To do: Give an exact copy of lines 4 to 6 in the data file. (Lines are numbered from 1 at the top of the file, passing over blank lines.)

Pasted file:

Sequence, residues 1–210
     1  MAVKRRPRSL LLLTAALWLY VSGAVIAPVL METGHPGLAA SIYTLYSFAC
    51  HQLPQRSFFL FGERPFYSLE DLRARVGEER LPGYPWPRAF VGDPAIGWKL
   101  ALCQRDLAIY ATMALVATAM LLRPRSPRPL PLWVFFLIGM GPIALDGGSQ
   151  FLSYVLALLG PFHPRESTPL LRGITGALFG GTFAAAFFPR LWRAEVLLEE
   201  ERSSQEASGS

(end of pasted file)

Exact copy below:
   101  ALCQRDLAIY ATMALVATAM LLRPRSPRPL PLWVFFLIGM GPIALDGGSQ
   151  FLSYVLALLG PFHPRESTPL LRGITGALFG GTFAAAFFPR LWRAEVLLEE
   201  ERSSQEASGS